Osteoporosis management remains a challenge for endocrinologists

Posted by: admin on: October 12, 2011

Despite new guidelines and updated tools, diagnosing and treating patients with osteoporosis remains a challenge, a speaker said here.

Nelson B. Watts, MD, professor of medicine at the University of Cincinnati College of Medicine, said today “there are new guidelines on calcium and vitamin D, new recommendations for testing for postmenopausal osteoporosis and new concerns about old treatments.


Confusion about calcium intake

Recent Institute of Medicine (IOM) guidelines recommend adults receive between 1,000 mg and 1,200 mg of calcium daily, based on age and sex. Most people consume 300 mg daily from low-calcium foods, according to Watts. The additional 900 mg is easily achieved by taking advantage of calcium-fortified foods or through supplementation, he said. Nevertheless, as patients discover new avenues for increasing calcium intake, such as soft, flavored, chewable tablets, they often surpass the recommended daily allowance.
People were generally unconcerned about excessive calcium intake. However, the study of trials involving women with osteoporosis suggested that patients receiving more than 1,500 mg of calcium daily had increased risk for myocardial infarction.

“It is important to realize that you can get too much of a good thing, “Some patients we see in our practice are getting plenty of calcium from their diet in addition to supplements and wind up with total daily intakes of 3,000 mg or 3,500 mg. No data suggest that there is value in going over 1,200 mg, so many people should leave physicians’ offices with instructions to take less calcium rather than more.”

Disparities in vitamin D recommendations

The IOM guidelines also introduced new recommendations for vitamin D intake based on a report from the organization’s committee. The report states that a 25-hydroxyvitamin D level of 20 ng/mL is sufficient for bone health, explaining that almost everyone either already has or can achieve this target level.
In addition, the committee determined that levels of 50 ng/mL or higher may be harmful based on a study that showed an increased number of falls and fractures among people with vitamin D levels higher than 50 ng/mL. Watts pointed out, however, that many outdoor workers, such as lifeguards, exceed this upper limit, yet no recommendations suggest that they lower their vitamin D levels. Further, no studies have examined the long-term benefits and harms of vitamin D levels higher than 50 ng/mL, he noted.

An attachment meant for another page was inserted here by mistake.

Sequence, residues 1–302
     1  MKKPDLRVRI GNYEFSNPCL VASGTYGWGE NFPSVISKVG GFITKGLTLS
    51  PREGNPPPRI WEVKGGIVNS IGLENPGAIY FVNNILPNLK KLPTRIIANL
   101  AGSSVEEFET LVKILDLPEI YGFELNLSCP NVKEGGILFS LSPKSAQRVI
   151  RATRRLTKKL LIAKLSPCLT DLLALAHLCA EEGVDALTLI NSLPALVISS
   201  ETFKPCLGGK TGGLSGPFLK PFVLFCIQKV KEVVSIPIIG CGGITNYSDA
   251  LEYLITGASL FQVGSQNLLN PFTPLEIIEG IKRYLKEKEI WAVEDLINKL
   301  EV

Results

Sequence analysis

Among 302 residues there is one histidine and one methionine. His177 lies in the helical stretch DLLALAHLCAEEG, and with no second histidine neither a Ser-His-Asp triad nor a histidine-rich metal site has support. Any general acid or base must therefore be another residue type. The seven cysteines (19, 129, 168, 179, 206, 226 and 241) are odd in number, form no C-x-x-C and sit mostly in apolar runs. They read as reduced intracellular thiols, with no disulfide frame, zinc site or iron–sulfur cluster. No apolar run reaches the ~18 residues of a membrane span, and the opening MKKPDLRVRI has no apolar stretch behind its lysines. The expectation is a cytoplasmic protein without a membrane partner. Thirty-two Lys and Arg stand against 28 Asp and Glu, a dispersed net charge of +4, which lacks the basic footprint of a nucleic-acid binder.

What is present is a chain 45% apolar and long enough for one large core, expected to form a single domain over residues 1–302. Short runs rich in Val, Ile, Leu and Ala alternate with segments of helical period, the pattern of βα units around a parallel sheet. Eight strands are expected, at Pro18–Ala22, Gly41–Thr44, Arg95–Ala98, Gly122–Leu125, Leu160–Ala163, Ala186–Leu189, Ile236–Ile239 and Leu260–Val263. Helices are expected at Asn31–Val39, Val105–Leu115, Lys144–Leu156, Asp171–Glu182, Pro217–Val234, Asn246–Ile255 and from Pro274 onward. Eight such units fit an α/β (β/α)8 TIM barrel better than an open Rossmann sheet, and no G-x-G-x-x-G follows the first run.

Because many physicians were using 30 ng/mL as the minimum desirable level and AACE said it would be appropriate to use a range between 30 ng/mL and 50 ng/mL as an optimal and safe range.

To maintain a blood level within that range, most people would require 1,000 IU to 2,000 IU of vitamin D daily. Since this range is well below the safe upper limit of 4,000 IU daily, recommended dosing of 1,000 IU to 2,000 IU is reasonable.  It is also essential that physicians use clinical judgment and bear in mind that the IOM recommendations are for healthy adults residing in North America and do not take into account other important factors, such as disease state, he said.

Screening issues, treatment controversies

To address the issue of screening, the US Preventive Services Task Force recently released evidence-based guidelines that recommend routine screening of postmenopausal women aged older than 65 years. They also suggest screening for younger women whose fracture risk is equal to or greater than that of a 65-year-old woman with no additional risk factors.
Watts noted that many physicians may be uncertain about how to determine if a younger postmenopausal woman has the same fracture risk as a 65-year-old woman. For physicians in this position, the FRAX tool may be extremely helpful, he said. Even so, the FRAX tool has undergone several updates since its inception, and therefore, physicians may need to revisit some of their previous calculations. He also emphasized that FRAX is a dynamic tool, and a physician should conduct new analyses as patients’ circumstances change. A recent hip fracture, for example, may place a low-risk patient within the treatment range.

Controversies regarding pharmacological therapies for osteoporosis have also emerged in recent years, with treatments such as bisphosphonates being blamed for atypical femur fractures. These recent hip fracture, however, are uncommon, but physicians should still carefully monitor their patients for complaints of thigh pain or other health problems.

Read more on:  http://www.endocrinetoday.com/view.aspx?rid=82815

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